There’s Blood in the Fountain
Tabriz, 22-24th November, 2012
There ‘s probably no worse time to enter Iran than the day before Ashura. The country’s devout masses are out every night, literally whipping themselves up into a frenzy with chains and lashes; all of the shops are closed and there’s blood in the fountain in the centre of Tabriz.
It’s not real blood, of course, but Milad pretends it is as he fills his plastic cup with some and pretends to drink it – “Aren’t I sacrilegious?” he giggles. The cup is recently emptied of tea, one of many food and drink give-aways around the city. This is definitely the best thing about Ashura.
Having never travelled in a Shi’a country before, I knew little of Ashura. My host’s mother, a devout Muslim, asked if I’d heard of the terrible tragedy? Imam Husayn has been murdered! It was a while before I realise this happened 1,400 years ago, leading me to reflect on the differences between Christmas in England and these ritualistic self-flaggelation marches through the major cities of Iran. Interesting cultural differences, to say the least.
A man and woman on a motorbike stop in front of us, grinning. “Salaam!” they say, handing us some packages. We thank them and they speed off. I pass mine to Tim first to check if it’s meat. It’s not, it’s potato wraps! We devour them as we’re walking.
I arrived in Iran yesterday on foot from Armenia, alone, unprepared and looking a little like a bundle of rags with a backpack. I was pleased to hear a girl had offered to host me, hoping for clothing advice and a shopping trip, but when I saw the prices of coats in the bazaar, I decided I had to wait. She was sadly far too shy to give me any advice, but would later give me a new-looking ‘old’ coat and a beige long-sleeved top, setting off a trend of clothes-swapping that would continue throughout my time in Iran.
Other than coats, though, Iran is cheap for foreigners. $1 = 12,253 rials, according to the internet on the day I entered Iran. Imagine my delight then, when I was offered 28,000 rials for a dollar at the exchange office at the border. To confuse things further, nobody thinks in Rials anyway – all of the prices are shown in Tomans, which are around 10 Rials. $1 = roughly 3,000 Tomans, or 30,000 Rials – confused? I am.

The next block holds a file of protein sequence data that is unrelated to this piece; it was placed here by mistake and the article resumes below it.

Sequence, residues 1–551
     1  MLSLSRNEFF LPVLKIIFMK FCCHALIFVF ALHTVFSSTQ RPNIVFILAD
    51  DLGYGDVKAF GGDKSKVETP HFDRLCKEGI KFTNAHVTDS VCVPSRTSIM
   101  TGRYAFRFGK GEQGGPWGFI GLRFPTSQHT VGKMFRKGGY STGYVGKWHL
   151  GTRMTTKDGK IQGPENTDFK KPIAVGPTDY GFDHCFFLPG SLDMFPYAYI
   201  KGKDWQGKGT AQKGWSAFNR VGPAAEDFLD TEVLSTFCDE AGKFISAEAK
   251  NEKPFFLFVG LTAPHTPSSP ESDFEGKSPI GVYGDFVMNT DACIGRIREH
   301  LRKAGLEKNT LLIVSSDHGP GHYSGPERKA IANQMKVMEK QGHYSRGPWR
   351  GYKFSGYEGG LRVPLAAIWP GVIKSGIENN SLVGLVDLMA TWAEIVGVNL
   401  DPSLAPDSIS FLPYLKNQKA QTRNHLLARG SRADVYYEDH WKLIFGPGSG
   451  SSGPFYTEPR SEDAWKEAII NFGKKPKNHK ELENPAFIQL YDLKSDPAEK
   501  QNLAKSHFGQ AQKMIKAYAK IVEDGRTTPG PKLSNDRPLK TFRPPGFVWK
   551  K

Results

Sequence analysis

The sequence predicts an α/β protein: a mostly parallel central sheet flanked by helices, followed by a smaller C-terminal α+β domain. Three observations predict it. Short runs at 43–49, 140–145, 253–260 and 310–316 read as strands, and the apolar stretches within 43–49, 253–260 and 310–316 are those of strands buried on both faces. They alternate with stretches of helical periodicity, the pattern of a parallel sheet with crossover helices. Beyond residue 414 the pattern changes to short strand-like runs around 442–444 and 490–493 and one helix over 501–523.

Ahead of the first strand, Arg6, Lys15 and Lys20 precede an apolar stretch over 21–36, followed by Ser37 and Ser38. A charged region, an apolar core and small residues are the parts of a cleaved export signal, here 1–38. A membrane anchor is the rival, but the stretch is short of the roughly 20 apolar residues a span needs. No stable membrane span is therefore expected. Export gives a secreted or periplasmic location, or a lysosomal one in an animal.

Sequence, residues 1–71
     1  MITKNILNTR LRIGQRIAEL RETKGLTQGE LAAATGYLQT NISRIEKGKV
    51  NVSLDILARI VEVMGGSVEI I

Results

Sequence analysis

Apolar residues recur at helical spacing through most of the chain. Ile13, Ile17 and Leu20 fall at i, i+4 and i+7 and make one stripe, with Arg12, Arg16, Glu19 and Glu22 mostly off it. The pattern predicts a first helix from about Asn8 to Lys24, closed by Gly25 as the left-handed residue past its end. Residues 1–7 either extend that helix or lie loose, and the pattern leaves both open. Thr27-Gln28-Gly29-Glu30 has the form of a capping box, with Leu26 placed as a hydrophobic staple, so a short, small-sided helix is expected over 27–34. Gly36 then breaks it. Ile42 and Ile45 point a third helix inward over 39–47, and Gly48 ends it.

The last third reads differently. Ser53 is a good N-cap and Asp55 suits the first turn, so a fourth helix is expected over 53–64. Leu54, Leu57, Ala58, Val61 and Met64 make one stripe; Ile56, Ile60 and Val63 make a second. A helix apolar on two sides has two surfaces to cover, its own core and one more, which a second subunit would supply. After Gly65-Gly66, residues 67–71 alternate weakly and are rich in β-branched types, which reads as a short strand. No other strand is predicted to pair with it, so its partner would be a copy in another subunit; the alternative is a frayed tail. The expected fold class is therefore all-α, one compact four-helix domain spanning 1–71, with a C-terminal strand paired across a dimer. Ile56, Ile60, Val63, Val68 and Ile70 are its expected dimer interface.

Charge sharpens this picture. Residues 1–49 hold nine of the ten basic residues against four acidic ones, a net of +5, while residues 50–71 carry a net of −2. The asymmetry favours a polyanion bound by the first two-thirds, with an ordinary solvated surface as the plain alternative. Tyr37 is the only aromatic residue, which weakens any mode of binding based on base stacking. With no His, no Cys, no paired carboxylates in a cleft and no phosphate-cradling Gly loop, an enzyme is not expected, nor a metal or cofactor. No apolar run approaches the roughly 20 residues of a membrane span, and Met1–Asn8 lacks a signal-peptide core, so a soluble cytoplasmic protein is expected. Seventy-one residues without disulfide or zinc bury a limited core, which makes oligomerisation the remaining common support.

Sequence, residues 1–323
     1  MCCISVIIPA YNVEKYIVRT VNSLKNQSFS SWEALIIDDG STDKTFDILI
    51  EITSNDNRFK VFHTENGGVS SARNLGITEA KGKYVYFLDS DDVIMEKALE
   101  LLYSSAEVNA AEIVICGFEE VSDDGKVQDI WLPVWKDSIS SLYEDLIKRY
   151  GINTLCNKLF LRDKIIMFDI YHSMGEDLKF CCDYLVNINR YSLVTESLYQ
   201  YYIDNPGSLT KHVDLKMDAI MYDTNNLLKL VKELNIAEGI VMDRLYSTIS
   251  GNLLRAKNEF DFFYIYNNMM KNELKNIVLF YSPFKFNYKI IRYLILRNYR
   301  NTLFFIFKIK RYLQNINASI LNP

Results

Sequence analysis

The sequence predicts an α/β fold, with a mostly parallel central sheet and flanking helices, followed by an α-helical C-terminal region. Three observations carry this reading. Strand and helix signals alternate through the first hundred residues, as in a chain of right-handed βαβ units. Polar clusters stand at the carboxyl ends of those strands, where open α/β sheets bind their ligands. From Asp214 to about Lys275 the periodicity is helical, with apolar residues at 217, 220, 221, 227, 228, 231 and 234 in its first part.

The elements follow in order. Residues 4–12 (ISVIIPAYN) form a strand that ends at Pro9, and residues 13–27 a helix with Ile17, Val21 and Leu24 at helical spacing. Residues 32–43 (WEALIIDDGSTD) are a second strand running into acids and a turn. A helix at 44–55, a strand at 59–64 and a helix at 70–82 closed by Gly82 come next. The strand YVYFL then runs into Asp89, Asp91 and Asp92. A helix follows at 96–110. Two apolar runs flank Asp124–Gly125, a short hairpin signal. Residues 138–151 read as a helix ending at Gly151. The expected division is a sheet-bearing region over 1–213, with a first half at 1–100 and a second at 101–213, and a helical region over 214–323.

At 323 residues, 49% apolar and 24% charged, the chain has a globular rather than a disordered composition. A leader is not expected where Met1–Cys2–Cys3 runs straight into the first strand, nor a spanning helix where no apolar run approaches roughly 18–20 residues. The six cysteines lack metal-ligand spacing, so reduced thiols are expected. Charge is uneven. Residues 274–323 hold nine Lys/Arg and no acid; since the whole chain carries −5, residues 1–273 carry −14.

“Hm, ok, let’s just…” Milad swings to the left abruptly and rounds a corner, then turns back on himself. We come to the edge of the corner as two girls reach the other edge. Awkward “hello”s are exchanged around the edge of the street corner and one of the girls hands Milad a dish. He thanks her and the girls are gone in the flutter of an eyelash. “That was your girlfriend?” I raise an eyebrow. “Actually, we’ve never met before – only on Facebook. It’s too dangerous. If the police see an unmarried man and woman on the street together, they can arrest you.”
It’s not the first and certainly won’t be the last time I’ve heard such things, though many people will later tell me this is exaggerated. Milad is young, though. The risk is higher for younger couples, since it’s more obvious you’re not married the younger you are.
Milad, Tim and I buy plastic spoons and eat our soup in a park, away from people’s stares. It’s simply not done, apparently, to eat food on the streets of Iran. As we’re finishing, I remember something – “Surprise!” I pull out the bar of 95% dark chocolate I’ve been carrying since Armenia. Milad is almost ecstatic, claiming even this amount of cacao is tough to get hold of here.
Dazed and high on cacao, we saunter down the streets. Milad gets a phone-call from some distant aunt. “Now we must go to another part of the city”, he says when he gets off the phone, “my aunt says they are putting out tables. There will be free food there soon.”
My own phone is still out of order, awaiting activation. To buy a sim card in Iran, you have to give your fingerprints and address. I remember my sim card purchasing experience well – the wrinkly man scowling at me from behind his glasses…
“Hotel?” he asks again. My host fiddles with her bag. The thing is, I’m not staying in a hotel, I’m couchsurfing – which is basically illegal in Iran. I whip out the fake guest-house address I copied from the internet, in case of awkward questions on the border…
Actually, they hardly asked me anything on the border, only – “Do you have friends in Iran?” “Not yet!” I replied, and the guards stern face cracked into a grin. Correct answer, I noted to myself for future reference.
I say my goodbyes to Milad and Tim at the bus station, wishing the latter the best of luck on his cycle-tour through the country. I only wish we could hitch-hike together. I board the bus to Tehran, hoping my sim card will activate soon and flood me with invitations from hosts in Tehran, preferably before I arrive…